Among the films competing for the Wyborcza.pl Big Screen Doc Award are also those telling the stories of exceptional artists and scientists. This year, we will introduce the viewers to the French underwater scientist and writer known for exploring the sea and documenting his passion. Becoming Cousteau by Oscar®-nominated Liz Garbus looks at the inspiring work of this fascinating individual. French actor Vincent Cassel reads excerpts from Cousteau's diaries and Louis Malle, a famous filmmaker and Cousteau's colleague, talks about his talent as a director, which earned him a Palme d'Or and an Oscar®. On the other hand, the film Nothing Compares, directed by Kathryn Ferguson, tells the story of Sinéad O'Connor - the Irish music icon who was ahead of her time – her phenomenal rise to worldwide fame, and how her iconoclastic personality resulted in her exile from the pop mainstream. Although some say she was a fire that went out too fast, in the film we can see her still burning. A fiery love story is presented in the film Fire of Love by Sara Dosa. The film focuses on Katia and Maurice Krafft and their love of each other, and getting as close as possible to fiery volcanoes. For over two decades, the daring French volcanologist couple was seduced by the thrill and danger of this elemental love triangle, roaming the planet, chasing eruptions and documenting their discoveries. They died together in 1991, due to a volcano eruption in Japan.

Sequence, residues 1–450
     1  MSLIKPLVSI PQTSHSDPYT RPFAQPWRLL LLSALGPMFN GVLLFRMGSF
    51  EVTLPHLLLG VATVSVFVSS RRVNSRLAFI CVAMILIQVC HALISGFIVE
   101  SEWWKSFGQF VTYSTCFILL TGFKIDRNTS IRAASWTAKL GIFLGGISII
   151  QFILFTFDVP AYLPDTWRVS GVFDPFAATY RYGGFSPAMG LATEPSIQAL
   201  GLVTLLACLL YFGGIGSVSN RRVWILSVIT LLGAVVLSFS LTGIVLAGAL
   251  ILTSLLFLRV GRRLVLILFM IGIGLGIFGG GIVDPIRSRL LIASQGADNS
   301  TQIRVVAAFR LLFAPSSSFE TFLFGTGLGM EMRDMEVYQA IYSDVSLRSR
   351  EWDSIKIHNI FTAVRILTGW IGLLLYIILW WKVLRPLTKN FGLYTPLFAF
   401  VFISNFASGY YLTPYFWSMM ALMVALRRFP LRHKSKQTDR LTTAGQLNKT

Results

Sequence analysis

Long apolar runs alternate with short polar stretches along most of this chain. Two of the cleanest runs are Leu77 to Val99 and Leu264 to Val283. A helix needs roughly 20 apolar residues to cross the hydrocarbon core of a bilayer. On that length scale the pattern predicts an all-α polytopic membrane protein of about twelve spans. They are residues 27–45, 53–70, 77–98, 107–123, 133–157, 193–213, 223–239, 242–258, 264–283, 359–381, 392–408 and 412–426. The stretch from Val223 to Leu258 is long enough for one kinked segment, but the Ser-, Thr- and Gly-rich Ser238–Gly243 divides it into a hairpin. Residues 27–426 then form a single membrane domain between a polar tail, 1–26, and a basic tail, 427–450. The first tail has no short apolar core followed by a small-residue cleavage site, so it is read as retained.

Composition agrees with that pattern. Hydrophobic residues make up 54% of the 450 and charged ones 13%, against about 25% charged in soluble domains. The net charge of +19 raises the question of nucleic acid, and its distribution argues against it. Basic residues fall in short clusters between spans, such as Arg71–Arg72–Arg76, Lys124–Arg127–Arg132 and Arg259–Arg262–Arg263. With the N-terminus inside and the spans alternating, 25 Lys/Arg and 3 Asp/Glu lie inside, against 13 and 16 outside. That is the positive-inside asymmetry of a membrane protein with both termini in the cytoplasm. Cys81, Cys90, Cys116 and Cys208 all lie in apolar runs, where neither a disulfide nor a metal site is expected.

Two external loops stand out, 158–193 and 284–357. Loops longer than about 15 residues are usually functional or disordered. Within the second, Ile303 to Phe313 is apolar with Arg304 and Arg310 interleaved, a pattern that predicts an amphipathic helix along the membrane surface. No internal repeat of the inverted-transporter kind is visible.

Rounding out the competition line-up are three films that show our attempts at taming nature and the dangers of doing so. The Rescue, directed by Jimmy Chin and Elizabeth Chai Vasarhelyi, portrays the power of solidarity when faced with an emergency. In 2018, all eyes were on the rescue operation in Northern Thailand where 12 young soccer players and their coach were trapped in a flooded cave. The condition of rivers is presented by Jennifer Peedom in her visually stunning film River, narrated by Willem Dafoe and featuring music by Radiohead. In Nothing Lasts Forever by Jason Kohn, the filmmakers set off on a journey around the world, exploring the diamond business at a crucial moment. The world is flooded with synthetic diamonds and everyone has to deal with it: from buyers, through specialists, to jewelers and marketers.
All the films in the Wyborcza.pl Big Screen Doc Award Competition:
Millennium Docs Against Gravity will take place on May 13-22 in eight cities: Warsaw, Wrocław, Gdynia, Poznań, Katowice, Lublin, Bydgoszcz and for the first time in Łódź! The online part at mdag.pl will last from May 24 to June 5. The titular sponsor of the festival is Bank Millennium (www.bankmillennium.pl).